Creating Big, Soft Light in Small Spaces for Your Photos

We don't all have the luxury of a wide open studio space with 20-foot ceilings that we can fit any modifier into, no matter how massive and unwieldy. This great video will show you how to get big, soft light, even when you're working in small spaces. 

Coming to you from Miguel Quiles of Adorama TV, this helpful tutorial will show you how to create the look of a big, soft light in a small space. A lot of the time, you might not have the space for a giant modifier, particularly if you're doing on-location work. For example, you might be doing a set of corporate headshots and only have a small office to shoot them in. As you can see in the video, Quiles can only fit a three-foot octabox into the room, and while that certainly creates a larger and softer light source as compared to the bare speedlight, he still wants a larger source. So, he aims the octabox away from the model and into the wall, taking advantage of the white surface to create a bigger source. This is the same trick wedding photographers use when they bounce a small speedlight to create a broad, flattering source. Check out the video above for the full breakdown.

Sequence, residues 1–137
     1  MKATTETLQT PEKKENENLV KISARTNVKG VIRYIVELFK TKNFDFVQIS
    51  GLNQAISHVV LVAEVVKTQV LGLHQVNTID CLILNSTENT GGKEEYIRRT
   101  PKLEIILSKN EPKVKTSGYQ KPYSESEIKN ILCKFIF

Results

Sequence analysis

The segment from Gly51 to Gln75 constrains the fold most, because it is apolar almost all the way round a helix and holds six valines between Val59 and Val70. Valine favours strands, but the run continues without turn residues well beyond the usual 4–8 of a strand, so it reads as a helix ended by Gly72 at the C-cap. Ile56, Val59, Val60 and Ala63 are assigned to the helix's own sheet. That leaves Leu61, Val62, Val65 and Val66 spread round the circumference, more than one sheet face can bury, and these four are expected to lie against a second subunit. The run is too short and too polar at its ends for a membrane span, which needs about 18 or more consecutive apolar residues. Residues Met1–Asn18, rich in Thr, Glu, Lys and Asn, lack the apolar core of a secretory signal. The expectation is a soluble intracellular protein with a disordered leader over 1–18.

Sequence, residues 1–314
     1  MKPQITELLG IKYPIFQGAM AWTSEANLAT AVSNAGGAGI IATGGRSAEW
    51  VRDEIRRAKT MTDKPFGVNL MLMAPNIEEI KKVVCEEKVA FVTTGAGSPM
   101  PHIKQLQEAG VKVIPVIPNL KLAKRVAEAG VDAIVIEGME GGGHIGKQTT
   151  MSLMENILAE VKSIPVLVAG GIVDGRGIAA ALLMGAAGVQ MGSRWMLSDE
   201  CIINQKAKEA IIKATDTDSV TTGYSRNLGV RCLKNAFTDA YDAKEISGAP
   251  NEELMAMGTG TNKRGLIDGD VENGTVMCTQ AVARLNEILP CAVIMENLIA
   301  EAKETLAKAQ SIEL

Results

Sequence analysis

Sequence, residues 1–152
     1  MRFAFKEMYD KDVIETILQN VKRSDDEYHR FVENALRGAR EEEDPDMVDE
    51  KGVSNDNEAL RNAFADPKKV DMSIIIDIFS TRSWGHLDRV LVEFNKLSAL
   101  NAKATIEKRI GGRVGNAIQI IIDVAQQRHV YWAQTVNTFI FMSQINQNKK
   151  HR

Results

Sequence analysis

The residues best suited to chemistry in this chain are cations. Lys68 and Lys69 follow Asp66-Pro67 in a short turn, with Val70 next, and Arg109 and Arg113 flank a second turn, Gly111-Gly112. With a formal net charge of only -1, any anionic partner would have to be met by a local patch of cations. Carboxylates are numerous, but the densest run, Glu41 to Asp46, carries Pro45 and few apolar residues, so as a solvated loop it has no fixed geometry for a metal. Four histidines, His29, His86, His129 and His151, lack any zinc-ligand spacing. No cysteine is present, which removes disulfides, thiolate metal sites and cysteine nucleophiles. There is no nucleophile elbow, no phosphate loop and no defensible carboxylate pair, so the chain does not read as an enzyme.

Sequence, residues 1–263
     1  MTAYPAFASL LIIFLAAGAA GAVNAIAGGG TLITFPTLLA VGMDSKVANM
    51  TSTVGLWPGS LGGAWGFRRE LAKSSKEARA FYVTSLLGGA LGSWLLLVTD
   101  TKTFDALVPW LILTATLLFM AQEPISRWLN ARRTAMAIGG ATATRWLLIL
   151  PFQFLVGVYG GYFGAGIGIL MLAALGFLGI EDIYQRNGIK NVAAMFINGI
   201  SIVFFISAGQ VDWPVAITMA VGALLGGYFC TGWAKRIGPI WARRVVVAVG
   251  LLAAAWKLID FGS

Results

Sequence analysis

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Daniel Medley's picture

The bigger challenge is a low ceiling; or at least a ceiling that is the height of your average house. That's the most common challenge I think.

Tony Burns's picture

That's certainly the most challenging thing for me at home, with 9ft ceilings (I think those are probably about average). I find that having the subject sit on an apple box oriented the tall way works enough to get a 60" modifier shoved up against the ceiling.

Daniel Medley's picture

Yes. I, too, utilize a lot of sitting down for shooting in my room with 9 foot ceilings; chairs, boxes, floor. I do almost all my head and shoulders shots with the subject sitting on a stool.

nice shot,,, thank u, tutorial good